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Dublin man given 4 years for laundering €500,000 in cash

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Glen Power was sentenced

Glen Power was sentenced

Glen Power was sentenced

A Dublin man has been given a four-year sentence with 18 months suspended after he pleaded guilty to a money-laundering offence involving more than €500,000.

Glen Power (30) of Colpark Road, Ballyfermot, Dublin, pleaded guilty to one count of money laundering at Whitemill Road, Wexford town, last September 24.

Wexford Circuit Criminal Court heard that Power was caught transporting €503,890 of criminal proceeds in a van when he arrived at the Industrial Estate in Wexford town.

Det Garda Fiona Connaughton told the sentencing hearing gardai believed the €503,890 seized in the car park was about to be taken out of the State. The charge arose from an Intelligence Operation by the National Drugs Investigative Unit.

Det Garda Connaughton told Prosecuting Counsel Sinead Gleeson that the defendant arrived at the back of a building in a van shortly before gardai arrived. Officers saw the money being transferred to another vehicle. They intervened and recovered the cash.

The defendant was arrested and taken to Wexford Garda Station, where he was questioned and later charged. He was brought before the court, along with a second defendant who has already appeared before the court for sentencing.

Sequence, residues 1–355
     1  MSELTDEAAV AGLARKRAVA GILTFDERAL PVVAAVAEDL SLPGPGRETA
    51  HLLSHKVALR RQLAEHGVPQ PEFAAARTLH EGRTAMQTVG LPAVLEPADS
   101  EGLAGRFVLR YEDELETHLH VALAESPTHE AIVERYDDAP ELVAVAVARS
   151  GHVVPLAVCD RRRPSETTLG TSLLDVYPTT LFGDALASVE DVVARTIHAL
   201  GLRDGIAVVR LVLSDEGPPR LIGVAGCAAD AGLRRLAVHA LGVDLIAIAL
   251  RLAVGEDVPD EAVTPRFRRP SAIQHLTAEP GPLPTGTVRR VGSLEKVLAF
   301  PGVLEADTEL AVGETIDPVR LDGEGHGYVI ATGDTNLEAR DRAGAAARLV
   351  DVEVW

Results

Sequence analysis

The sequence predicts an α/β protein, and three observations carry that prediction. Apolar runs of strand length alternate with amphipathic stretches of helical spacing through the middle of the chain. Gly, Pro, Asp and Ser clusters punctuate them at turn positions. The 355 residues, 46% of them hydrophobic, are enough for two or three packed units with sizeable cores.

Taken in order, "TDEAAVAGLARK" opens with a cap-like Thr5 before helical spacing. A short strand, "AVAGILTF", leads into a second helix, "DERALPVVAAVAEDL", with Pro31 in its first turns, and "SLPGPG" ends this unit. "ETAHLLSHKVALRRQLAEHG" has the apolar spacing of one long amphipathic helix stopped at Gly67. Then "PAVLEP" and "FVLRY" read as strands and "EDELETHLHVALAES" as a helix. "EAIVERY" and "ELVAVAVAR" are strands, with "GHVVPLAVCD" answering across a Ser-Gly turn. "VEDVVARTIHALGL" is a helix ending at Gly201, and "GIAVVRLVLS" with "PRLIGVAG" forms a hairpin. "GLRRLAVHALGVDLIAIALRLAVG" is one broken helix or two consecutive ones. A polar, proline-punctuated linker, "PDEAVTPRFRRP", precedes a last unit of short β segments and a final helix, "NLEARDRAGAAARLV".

Replying to Defence Counsel, Paul Murray, SC, Det Garda Conaughton said that the gardai were acting on a tip-off.

Under questioning Mr Power said he had been told to hand the money over to another person on arrival in Wexford.

Mr Murray said that a follow-up raid on another premises, led to Bernard Joyce, of Newtown, Beauparc, Slane, Co. Meath, being sentenced to five years in prison.

Suspended

The defendant, said Mr. Murray, expressed his remorse and regret to the court and his family for his involvement in this.

Judge Quinn said the headline sentence would be six years but he would impose a four-year term, with the final 18 months suspended for two years.

The defendant had to enter into his own bond of €200 to keep the peace, and be supervised by the Probation and Welfare Services for a further two years on his release.

Judge Quinn also granted an application from Prosecuting Counsel, Ms Gleeson, for the forfeiture of the money.